The shareholders in Toll Group have reason to be happy. The bid for their company from Japan Post comes at a time when Toll is facing difficulties from both its key domestic market and its acquisitive business model.
The speed of Toll’s growth has slowed since 2011, with revenue and profits declining from its impressive performance of the previous decade to single digit percentage increases. The past half year, however has seen sales at the Australian company fall. Revenue for the period fell by 2.6% and EBIT (Earnings Before Interest and Tax) fell by 4%. Toll Group also took a series of hits from its write-downs of the Toll Marine Logistics business sold last year pushing net profit after tax down by 22%.
One of the underlying problems is the effect the fall in the price of commodities such as iron ore, coal and oil has had on Australian mining and Liquefied Natural Gas operations. This saw the ‘Toll Resources & Government Logistics’ division’s profits fall by 10% year-on-year to AUS$59.4m, made worse by the loss of Government contracts whilst ‘Toll Domestic Forwarding’ was also hit by the natural resources downturn with a fall in operating profits of 17%.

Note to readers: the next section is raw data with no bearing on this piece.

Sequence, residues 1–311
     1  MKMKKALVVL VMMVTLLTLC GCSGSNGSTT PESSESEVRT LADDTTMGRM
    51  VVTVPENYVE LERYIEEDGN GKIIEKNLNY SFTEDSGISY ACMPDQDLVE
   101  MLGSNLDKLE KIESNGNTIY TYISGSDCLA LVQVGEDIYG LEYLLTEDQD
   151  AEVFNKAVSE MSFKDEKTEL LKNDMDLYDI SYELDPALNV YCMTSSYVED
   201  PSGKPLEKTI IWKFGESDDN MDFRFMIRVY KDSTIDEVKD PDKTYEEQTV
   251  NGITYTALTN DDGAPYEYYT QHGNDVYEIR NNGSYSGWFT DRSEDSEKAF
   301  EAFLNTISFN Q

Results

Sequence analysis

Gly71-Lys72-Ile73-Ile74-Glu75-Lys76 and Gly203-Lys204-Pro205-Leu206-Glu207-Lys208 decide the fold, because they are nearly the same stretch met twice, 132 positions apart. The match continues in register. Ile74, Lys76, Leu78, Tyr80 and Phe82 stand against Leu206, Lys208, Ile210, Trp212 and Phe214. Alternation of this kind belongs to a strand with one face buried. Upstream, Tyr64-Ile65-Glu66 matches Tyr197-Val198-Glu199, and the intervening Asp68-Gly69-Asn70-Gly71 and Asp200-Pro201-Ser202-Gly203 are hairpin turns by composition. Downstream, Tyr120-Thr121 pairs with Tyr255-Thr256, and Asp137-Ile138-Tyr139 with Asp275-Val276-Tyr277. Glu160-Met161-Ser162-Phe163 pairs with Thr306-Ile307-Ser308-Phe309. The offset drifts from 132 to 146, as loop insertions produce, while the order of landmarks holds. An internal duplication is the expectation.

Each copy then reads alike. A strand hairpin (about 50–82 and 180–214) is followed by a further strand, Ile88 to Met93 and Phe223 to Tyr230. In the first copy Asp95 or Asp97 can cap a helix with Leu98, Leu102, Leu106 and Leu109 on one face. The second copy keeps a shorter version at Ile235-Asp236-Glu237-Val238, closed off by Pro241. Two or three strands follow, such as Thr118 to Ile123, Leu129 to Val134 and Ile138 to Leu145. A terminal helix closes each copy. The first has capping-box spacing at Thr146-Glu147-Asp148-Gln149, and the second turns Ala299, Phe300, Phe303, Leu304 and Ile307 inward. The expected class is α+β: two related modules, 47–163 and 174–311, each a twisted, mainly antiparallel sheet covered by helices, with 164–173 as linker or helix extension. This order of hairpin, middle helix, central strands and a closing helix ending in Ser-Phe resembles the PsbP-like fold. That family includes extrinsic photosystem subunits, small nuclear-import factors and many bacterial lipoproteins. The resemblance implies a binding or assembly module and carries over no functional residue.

Other parts of Toll Group do continue to perform, with Toll Global Logistics and Toll Global Forwarding increasing profits and sales with contract wins and expansion of existing customers in Australia. The businesses in Asia also have strengthened in some cases with its Japanese Express business recovering profitability.
It appears that although the changes in the Australian economy are making life tougher for Toll, it is also the change away from the acquisitive business model and towards a focus on the running of its existing business that is affecting the company’s speed of growth. Brian Kruger, Toll Group’s CEO said, “This year will be something of a transformative year for Toll. Having spent the past few years primarily focussed on getting the culture right to allow us to drive portfolio and structural changes, continuous improvement and improved collaboration, we are moving into a more aggressive implementation phase.”